Place: Fortune Block
Address: 232 Main Street
Architect: Willmot and Stewart
Contractor: Grant And Geeley
February 7, 1883, Manitoba Free Press
Real estate developer Mark Fortune built the Fortune Block in 1882. By the time it opened, however, he had already sold it to Alexander MacDonald, owner of a wholesale grocery business. MacDonald immediately had a twin building added to the south from which he ran his business and left the original block intact, even keeping the Fortune name.
Assorted Fortune Block early tenants
The Fortune Block was mixed-use with retail on the main floor and offices and residences above. It appears that the number of residences increased as the decades went by, though they were all gone by the 1970s.
A regular commercial feature of the early years was a meat shop. First run by the Holman Brothers until they were bought out by a local chain called Gibson Gage in 1904.
Offices were small and varied. Financial agents, personnel agencies, real estate offices (including Mark Fortune himself for a few years).
October 23, 1882, Manitoba Free Press
A notable early tenant was Dr. Lillian Yeomans, considered the first woman to practice medicine in Winnipeg. She graduated from Michigan State University medical school in 1882 midwifery and children's diseases. When she returned to Winnipeg, she set up an office in the Fortune Block. Her mother Amelia graduated from the same med school in 1883 and joined her daughter. In 1884 the two moved to a new location further south on Main.
In October 22, 1888 the "Manitoba Institution for the Education of the Deaf and Dumb", forerunner to the Manitoba School for the Deaf, opened in the Fortune building. It was founded by American deaf education advocate James Watson and was soon joined by Duncan McDermid. The following year the school moved to temporary space in the Land Titles building then to its first permanent home at Sherbrook and Portage in 1890.
Commercial Hotel, Fortune Block ca 1926 (Source - p 51)
MacDonald relocated to larger premises in 1902 and sold the buildings to hotelier Samuel Spence who renovated the MacDonald portion into the Commercial Hotel but also left the Fortune Block portion as it was.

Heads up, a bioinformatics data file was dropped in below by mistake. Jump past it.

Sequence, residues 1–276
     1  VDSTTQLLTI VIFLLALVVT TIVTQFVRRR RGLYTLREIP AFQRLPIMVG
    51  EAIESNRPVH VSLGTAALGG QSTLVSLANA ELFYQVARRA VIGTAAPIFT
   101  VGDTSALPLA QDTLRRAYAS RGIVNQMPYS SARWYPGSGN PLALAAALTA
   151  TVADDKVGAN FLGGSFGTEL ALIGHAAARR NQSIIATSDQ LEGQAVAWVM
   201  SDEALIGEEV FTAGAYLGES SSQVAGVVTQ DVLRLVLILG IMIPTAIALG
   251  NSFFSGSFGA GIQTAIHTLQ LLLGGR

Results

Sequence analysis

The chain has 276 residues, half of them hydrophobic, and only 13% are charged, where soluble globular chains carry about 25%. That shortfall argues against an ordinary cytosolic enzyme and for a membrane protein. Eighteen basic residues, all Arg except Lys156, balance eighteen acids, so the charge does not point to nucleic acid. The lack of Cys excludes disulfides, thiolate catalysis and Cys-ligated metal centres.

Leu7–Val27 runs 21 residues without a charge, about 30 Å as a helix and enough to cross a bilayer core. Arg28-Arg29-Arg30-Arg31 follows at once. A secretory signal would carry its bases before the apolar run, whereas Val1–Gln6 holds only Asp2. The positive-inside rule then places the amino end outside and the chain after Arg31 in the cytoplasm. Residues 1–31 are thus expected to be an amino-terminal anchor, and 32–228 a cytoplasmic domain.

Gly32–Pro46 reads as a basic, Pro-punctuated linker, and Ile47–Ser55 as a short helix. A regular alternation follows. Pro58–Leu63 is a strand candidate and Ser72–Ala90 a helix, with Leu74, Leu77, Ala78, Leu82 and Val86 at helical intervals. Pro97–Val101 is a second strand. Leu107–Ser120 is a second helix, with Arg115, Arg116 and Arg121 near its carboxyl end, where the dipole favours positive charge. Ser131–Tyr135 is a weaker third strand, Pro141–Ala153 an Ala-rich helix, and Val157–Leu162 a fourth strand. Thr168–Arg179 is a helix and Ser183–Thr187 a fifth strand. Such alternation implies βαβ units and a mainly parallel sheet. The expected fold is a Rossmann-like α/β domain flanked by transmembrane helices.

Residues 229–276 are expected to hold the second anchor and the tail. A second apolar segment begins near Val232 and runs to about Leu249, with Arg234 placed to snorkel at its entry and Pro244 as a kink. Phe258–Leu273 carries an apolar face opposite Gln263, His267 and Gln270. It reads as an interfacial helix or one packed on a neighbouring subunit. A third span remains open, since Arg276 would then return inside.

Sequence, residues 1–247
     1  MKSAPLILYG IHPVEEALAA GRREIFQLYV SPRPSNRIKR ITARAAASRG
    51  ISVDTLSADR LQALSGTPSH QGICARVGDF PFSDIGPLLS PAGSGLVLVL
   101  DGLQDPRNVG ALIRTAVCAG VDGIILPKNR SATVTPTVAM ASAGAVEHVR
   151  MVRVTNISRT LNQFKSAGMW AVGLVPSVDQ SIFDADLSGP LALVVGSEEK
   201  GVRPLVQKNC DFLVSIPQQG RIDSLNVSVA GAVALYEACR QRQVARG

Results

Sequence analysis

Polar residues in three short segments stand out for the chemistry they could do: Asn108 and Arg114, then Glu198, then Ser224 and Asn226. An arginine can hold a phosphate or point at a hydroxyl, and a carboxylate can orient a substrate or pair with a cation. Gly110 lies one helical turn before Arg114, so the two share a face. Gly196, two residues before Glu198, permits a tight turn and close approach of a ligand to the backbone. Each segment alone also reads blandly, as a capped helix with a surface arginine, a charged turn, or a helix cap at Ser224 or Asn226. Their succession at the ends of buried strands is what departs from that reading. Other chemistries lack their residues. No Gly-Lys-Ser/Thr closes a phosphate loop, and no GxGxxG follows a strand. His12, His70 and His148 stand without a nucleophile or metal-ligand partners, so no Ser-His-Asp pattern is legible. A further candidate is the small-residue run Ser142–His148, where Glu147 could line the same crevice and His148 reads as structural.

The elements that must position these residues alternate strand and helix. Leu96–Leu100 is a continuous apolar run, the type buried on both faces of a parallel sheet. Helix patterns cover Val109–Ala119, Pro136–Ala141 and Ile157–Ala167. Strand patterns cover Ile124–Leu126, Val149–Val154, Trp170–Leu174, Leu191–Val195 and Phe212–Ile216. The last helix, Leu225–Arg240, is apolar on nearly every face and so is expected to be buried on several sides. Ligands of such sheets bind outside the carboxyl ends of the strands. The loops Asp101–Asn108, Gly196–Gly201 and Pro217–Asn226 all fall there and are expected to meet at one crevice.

The retail stores came and went. Most didn't last more than a couple of years.
A new addition that came in the early 1920s was a café. Murphy's Café (1920's), Winnipeg Electric Lunch (1930s); Tourist Café (1940s - 52). Then it hit an industrial patch as a car parts shop and a floor covering contractor.
The building is best known today for another café.
Times Changed Café first appears in the newspaper on May 27, 1988. Marion Warhaft gave chef Richard Barrett and Bev Banks top marks for the specialty of the house: seafood. Barrett had owned a restaurant on Vancouver Island before coming to Winnipeg.
In her review, Warhaft noted that the café had live entertainment on weekends after 10 p.m.. That live entertainment would soon give the cafe a second personality as a top jazz and blues club.
A customer, then bartender, then manager of the club was John Scoles. He eventually bought the cafe and it reopened in January 2001 as the Times Change(d) High and Lonesome Club and broadened its musical mandate.
In June 2012 it was announced that the owner of the Fortune Block sold the building which has led to speculation that it may soon be torn down for a new development. The adjoining MacDonald Block is owned separately by Wayne Towns who also owns the neighboring Winnipeg Hotel.
Another downtown icon falls ? Free PressThe Year Past 2006 Historic Buildings Committee (pp 16 - 19)